Chances are good that you’ve probably heard the phrase “420,” or four-twenty, in relation to marijuana at least once in your life. The clock strikes 4:20 two times a day, but Cannabis Christmas only comes once a year on April 20th. So in celebration of the most special cannabis holiday, we’re bringing our readers a lesson about the true origin and history of 420.

Rumor Has It

The most widely known (and believed) rumor about 420 claims that once-upon-a-time “420” was a police dispatch code to report marijuana smoking in progress. Sounds pretty legit, so it’s no wonder why so many people believe it. But, alas, it is a made-up tale. Actually, to be fair, the Las Vegas Metropolitan Police Department does have a code 420, but it’s used to report a homicide.

Another rampant rumor involves the California Penal Code, but the 420 section has nothing to do with cannabis. Again, it sounds good, but it’s not true. The California Senate Bill 420 (passed in September 2003) refers to the use of medical marijuana, but the bill was named for the code, rather than the code named from the bill.

Others say that 420 signifies the number of chemical compounds found in the cannabis plant. Like those mentioned above, this is only a rumor. In reality, there are more than 500 known chemical compounds in cannabis, including at least 70 cannabinoids and 120 different terpenes.

The True Story of 420, 4/20, and 4:20

In 1971, five high school students in San Rafael, CA, calling themselves “the Waldos” as an homage to their hang-out spot in front a wall outside the school, used the term in connection with a plan to find a cannabis crop they’d heard had been abandoned by a Coast Guard service member. On the days they went searching for the crop, the Waldos would meet at the Louis Pasteur statue on their high school campus at 4:20 p.m. As time went on, the code phrase became “4:20 Louis” as in “meet at the Louis Pasteur statue at 4:20.”

Unfortunately, the friends never found the crop. Eventually they gave up looking, but their useful codeword stuck, as it was a discreet way for them to communicate about marijuana.

“I could say to one of my friends, I’d go, 420, and it was telepathic. He would know if I was saying, ‘Hey, do you wanna go smoke some?’ Or, ‘Do you have any?’ Or, ‘Are you stoned right now?’ It was kind of telepathic just from the way you said it,” explains one of the Waldos, Steve. “Our teachers didn’t know what we were talking about. Our parents didn’t know what we were talking about.”

How the Grateful Dead and High Times Helped Spread “420”

While the story above explains the modest origin of 420, it doesn’t explain how the term grew to be a globally recognized phrase.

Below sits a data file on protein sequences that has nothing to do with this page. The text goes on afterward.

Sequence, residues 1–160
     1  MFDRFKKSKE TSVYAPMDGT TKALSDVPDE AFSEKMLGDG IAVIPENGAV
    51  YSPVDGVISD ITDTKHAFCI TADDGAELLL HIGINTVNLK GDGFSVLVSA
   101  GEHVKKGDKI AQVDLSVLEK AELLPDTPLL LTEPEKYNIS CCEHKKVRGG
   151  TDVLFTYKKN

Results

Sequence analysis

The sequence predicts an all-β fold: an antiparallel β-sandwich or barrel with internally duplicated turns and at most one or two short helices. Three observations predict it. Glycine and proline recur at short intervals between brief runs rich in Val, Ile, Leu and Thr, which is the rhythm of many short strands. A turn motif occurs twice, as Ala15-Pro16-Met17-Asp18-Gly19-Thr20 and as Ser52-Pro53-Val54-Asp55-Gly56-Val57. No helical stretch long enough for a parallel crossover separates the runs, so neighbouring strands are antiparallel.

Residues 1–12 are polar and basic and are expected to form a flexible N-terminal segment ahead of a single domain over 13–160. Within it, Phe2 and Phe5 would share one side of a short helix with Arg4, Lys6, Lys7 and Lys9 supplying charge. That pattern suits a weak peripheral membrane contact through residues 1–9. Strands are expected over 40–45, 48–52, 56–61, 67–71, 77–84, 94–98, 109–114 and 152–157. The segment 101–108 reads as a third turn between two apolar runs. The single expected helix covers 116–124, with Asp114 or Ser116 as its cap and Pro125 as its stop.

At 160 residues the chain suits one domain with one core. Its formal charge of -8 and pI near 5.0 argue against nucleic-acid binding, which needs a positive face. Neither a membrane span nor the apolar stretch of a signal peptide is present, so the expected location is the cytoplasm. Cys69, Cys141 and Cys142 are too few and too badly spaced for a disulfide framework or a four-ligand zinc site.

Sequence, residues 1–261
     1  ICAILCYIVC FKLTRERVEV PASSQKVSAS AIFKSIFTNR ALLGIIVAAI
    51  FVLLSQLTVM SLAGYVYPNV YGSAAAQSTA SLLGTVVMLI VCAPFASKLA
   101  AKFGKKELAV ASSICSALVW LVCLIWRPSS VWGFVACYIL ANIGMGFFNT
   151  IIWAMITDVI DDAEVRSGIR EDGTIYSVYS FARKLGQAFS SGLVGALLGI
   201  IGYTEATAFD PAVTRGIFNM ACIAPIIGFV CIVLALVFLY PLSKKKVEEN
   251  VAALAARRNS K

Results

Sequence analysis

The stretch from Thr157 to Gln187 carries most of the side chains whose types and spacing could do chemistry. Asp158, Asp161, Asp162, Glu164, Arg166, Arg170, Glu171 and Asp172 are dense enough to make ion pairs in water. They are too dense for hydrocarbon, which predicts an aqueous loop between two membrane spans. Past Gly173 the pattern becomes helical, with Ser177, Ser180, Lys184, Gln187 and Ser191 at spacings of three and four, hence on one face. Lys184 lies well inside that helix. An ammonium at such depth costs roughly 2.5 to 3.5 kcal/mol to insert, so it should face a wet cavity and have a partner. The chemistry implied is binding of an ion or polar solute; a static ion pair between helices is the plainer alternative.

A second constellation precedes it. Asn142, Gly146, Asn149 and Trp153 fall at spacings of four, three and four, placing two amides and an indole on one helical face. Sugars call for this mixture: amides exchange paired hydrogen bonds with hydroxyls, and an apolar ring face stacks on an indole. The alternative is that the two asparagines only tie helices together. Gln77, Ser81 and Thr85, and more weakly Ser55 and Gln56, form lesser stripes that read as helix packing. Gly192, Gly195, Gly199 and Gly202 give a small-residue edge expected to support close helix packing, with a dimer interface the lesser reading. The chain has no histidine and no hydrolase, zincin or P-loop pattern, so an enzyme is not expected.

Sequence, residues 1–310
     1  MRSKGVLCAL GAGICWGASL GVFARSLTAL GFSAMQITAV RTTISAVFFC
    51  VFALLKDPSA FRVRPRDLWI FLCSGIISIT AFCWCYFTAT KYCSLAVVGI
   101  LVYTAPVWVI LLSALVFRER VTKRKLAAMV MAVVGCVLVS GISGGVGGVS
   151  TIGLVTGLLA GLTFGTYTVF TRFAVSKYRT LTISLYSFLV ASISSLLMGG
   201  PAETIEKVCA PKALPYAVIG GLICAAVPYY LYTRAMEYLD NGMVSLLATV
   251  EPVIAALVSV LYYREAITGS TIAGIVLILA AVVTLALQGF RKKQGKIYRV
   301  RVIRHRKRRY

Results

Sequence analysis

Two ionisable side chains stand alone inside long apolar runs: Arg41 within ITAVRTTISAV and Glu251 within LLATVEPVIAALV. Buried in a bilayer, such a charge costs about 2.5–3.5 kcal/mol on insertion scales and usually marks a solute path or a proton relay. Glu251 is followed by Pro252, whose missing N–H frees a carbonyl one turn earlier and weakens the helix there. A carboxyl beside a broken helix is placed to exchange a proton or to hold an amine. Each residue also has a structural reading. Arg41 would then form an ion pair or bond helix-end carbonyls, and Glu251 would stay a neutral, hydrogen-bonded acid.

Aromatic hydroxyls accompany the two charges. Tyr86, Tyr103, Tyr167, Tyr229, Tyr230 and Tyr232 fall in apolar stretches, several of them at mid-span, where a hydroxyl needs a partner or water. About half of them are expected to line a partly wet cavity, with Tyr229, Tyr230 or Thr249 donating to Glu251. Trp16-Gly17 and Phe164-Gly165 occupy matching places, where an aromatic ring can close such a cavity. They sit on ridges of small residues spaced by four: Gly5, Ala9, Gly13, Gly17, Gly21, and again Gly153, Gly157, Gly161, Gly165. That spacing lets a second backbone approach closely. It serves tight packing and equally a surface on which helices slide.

Around the same time that the Waldos were searching for the hidden cannabis crop, members of the Grateful Dead (now touring as Dead and Company) moved to the Marin County Hills, near the Waldos’ high school. Through happenstance, one of the Waldos, Patrick, not only managed a Dead sideband, he was also friends with Dead bassist Phil Lesh. Patrick smoked with Lesh on numerous occasions and, although he doesn’t remember explaining the origin of “420”, he says the codeword was often dropped during their smoke sessions. Patrick was also friends with the likes of rock legend David Crosby and esteemed guitarist Terry Haggerty who became privy to the 420 lingo, as well. 

Once High Times caught wind of “420,” the magazine boosted the phrase into stardom. “I started incorporating it into everything we were doing,” High Times editor Steve Hager said. “We built everything around 420. The publicity that High Times gave it is what made it an international thing. Until then, it was relatively confined to the Grateful Dead subculture. But we blew it out into an international phenomenon.”

In the early 90s, when the internet was barely a thing, High Times purchased the domain; however, at this time, High Times was still under the impression that 420 derived from a police code. In 1997, the Waldos decided to set the record straight.

Hager concludes, “Unless somebody can come up with something that predates [the Waldos] coining ‘420’ in 1971, then I don’t think anybody’s going to get credit for it other than them.”

There you have it: the real history of 420. We think it’s pretty cool that a group of friends just hanging out and looking for adventure coined the term, never considering the possibility that their weed lingo would have such a major cultural impact on the world. 

Whether or not you’re a history buff, Swell celebrates 4/20 in epic fashion! Want to win weed for a year?! Check out for everything we have going on at all four Swell locations for the holiday!